Zoonotic Visceral Leishmaniasis: New Insights on Innate Immune Response by Blood Macrophages and Liver Kupffer Cells to Leishmania infantum Parasites

Armanda Viana Rodrigues, Ana Valério-Bolas, Graça Alexandre-Pires, Maria Aires Pereira, Telmo Nunes, Dário Ligeiro, Isabel Pereira da Fonseca, Gabriela Santos-Gomes

Research output: Contribution to journalArticlepeer-review

2 Citations (Scopus)
42 Downloads (Pure)

Abstract

L. infantum is the aetiological agent of zoonotic visceral leishmaniasis (ZVL), a disease that affects humans and dogs. Leishmania parasites are well adapted to aggressive conditions inside the phagolysosome and can control the immune activation of macrophages (MØs). Although MØs are highly active phagocytic cells with the capacity to destroy pathogens, they additionally comprise the host cells for Leishmania infection, replication, and stable establishment in the mammal host. The present study compares, for the first time, the innate immune response to L. infantum infection of two different macrophage lineages: the blood macrophages and the liver macrophages (Kupffer cells, KC). Our findings showed that L. infantum takes advantage of the natural predisposition of blood-MØs to phagocyte pathogens. However, parasites rapidly subvert the mechanisms of MØs immune activation. On the other hand, KCs, which are primed for immune tolerance, are not extensively activated and can overcome the dormancy induced by the parasite, exhibiting a selection of immune mechanisms, such as extracellular trap formation. Altogether, KCs reveal a different pattern of response in contrast with blood-MØs when confronting L. infantum parasites. In addition, KCs response appears to be more efficient in managing parasite infection, thus contributing to the ability of the liver to naturally restrain Leishmania dissemination.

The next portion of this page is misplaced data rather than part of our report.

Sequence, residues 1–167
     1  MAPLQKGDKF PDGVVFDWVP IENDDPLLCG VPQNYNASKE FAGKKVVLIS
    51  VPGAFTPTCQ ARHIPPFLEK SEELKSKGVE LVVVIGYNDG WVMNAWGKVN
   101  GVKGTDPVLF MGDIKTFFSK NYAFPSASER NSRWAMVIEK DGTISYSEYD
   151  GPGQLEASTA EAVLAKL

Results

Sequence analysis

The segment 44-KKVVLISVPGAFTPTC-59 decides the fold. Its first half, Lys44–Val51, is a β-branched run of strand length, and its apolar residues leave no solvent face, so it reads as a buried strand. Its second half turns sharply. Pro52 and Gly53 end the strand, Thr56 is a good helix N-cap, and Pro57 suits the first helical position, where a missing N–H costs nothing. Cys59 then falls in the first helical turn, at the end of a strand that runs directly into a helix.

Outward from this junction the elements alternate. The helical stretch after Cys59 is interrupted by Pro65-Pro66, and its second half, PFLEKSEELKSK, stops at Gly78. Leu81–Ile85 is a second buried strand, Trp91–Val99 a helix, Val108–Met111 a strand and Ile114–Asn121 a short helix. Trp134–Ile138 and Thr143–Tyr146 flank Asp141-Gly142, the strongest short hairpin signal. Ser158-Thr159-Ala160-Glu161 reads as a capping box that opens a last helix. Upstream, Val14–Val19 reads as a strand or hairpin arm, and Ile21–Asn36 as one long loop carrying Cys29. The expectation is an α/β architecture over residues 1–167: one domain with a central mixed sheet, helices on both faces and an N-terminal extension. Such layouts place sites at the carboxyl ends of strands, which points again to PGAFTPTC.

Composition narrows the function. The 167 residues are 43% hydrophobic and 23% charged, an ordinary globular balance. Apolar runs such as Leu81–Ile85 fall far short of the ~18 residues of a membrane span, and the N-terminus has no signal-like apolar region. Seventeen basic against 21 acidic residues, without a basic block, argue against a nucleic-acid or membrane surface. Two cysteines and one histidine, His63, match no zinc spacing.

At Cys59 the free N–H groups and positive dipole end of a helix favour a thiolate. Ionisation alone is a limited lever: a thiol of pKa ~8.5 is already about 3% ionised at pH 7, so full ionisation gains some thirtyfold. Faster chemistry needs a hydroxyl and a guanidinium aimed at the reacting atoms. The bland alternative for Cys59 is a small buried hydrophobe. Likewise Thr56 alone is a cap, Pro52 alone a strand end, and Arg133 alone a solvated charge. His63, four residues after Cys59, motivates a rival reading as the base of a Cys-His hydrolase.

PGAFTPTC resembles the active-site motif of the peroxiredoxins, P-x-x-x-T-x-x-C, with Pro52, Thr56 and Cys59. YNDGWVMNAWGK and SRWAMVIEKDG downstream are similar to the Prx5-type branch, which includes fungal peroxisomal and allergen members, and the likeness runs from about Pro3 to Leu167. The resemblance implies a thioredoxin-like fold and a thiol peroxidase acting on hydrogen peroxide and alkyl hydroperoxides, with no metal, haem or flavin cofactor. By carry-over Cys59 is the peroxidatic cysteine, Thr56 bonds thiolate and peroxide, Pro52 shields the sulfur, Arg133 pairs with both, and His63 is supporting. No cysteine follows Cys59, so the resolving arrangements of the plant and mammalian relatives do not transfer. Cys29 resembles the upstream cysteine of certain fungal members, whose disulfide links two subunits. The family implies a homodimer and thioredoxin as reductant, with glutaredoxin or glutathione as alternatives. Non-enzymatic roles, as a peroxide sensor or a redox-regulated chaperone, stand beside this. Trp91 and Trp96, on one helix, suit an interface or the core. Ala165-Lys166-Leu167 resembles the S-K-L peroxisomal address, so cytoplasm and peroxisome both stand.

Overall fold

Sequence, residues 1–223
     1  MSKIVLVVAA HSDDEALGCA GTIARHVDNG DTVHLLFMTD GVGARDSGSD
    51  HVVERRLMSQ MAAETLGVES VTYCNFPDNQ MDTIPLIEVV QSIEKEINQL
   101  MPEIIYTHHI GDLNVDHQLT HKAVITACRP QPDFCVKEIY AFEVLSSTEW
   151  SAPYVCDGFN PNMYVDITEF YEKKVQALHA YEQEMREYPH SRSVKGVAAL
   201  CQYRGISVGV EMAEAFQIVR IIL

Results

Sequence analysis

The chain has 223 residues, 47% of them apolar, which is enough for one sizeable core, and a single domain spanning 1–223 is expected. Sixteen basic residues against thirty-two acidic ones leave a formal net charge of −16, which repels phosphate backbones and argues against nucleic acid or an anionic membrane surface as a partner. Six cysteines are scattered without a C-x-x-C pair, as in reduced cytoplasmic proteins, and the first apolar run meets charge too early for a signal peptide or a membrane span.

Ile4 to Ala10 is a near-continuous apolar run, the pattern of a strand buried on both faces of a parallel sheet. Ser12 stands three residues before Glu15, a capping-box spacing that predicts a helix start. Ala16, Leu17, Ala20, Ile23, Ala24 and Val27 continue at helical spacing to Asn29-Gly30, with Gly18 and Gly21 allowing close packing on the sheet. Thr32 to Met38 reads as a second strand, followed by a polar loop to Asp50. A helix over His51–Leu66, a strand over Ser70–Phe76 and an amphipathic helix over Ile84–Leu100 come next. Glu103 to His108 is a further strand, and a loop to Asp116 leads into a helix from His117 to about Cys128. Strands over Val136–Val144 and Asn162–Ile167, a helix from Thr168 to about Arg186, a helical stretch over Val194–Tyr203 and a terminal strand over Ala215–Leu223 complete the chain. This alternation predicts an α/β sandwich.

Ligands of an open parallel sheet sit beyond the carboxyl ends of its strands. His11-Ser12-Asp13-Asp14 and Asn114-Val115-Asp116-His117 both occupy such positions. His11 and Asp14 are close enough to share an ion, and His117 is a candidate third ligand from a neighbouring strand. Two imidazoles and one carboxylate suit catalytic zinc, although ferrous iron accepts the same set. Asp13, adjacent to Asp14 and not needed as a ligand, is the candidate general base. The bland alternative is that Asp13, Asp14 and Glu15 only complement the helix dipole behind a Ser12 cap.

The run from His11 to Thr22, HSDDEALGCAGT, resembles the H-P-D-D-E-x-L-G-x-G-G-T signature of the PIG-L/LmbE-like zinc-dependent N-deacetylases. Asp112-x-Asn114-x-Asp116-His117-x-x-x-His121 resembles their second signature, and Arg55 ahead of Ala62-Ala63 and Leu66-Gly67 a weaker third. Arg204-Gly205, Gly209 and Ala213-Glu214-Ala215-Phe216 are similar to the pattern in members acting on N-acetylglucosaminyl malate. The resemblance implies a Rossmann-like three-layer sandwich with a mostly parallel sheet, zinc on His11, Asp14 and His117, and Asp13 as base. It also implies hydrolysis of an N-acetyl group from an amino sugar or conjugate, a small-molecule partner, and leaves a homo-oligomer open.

Original languageEnglish
Article number100
JournalBiology
Volume11
Issue number1
DOIs
Publication statusPublished - Jan 2022

Keywords

  • Blood macrophages
  • Innate immunity
  • Kupffer cells
  • Leishmania infantum
  • Zoonotic visceral leishmaniasis

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